If the Governance Committee was concerned with accountability, why did they not recommend changes to the Statutes and Ordinances to clarify the role of the Finance Committee and the PRC? I gather that some clarification is in the process of being approved, but I again note that it is 17 months since Shattock's report. How come 'reforms' that did not tackle keys issues were fast-tracked, while those that are crying out to be implemented are taking the Virgin route?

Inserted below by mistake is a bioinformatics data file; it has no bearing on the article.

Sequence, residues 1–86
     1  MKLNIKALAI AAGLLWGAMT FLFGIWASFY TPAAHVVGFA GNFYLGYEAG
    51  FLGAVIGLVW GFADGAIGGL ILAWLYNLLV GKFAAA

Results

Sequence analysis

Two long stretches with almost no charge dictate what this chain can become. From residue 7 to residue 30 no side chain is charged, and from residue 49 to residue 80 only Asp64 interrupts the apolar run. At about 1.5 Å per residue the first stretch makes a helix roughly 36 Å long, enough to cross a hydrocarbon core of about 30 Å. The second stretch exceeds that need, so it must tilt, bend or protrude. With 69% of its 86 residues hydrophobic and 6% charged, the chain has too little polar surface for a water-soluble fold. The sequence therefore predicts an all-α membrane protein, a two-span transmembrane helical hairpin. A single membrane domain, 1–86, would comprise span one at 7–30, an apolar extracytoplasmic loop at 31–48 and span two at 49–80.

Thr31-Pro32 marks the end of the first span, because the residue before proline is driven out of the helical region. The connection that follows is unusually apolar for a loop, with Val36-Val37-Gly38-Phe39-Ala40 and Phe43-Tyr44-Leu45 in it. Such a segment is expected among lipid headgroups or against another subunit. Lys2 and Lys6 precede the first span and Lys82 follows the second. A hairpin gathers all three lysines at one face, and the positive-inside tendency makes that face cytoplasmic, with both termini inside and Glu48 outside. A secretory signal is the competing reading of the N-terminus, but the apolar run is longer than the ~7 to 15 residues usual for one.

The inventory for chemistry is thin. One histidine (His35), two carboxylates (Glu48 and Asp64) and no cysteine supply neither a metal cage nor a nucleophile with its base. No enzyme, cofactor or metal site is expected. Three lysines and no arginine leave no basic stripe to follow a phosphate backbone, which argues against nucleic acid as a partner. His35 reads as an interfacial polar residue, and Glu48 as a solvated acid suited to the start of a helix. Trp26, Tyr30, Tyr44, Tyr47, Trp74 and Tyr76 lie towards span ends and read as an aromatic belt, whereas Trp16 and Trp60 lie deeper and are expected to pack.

Let me make it clear, I am not saying that all of the governance proposals that were defeated were wrong. We need external members on Council, but as I have already explained that proposal was linked with an external member as chairman, the dilution of the representation of non Professors and Readers on Council, and the continuation of Heads of House as being the only eligible candidates in class (a). I am in favour of the responsibility for 'the implementation of policy decisions being placed more singly', and to that end the Vice-Chancellor should both be recognized as the Principal Officer of the University (as I noted at the start) and be responsible for the implementation of the decisions of Council, General Board, and their Committees. But, the Vice-Chancellor should be subject to the authority of Council (and what we were asked to vote on was unclear on this point). During the consultation, the Board of Scrutiny made a positive proposal on this issue by commending Oxford's Statute VI, 3(1) for consideration, and in particular the opportunity it provides for Oxford's Council to delegate to a person as well as a body. That recipe would have allowed the Council to grant greater executive powers to the Vice-Chancellor, while still ensuring that he or she was accountable to them and under their authority.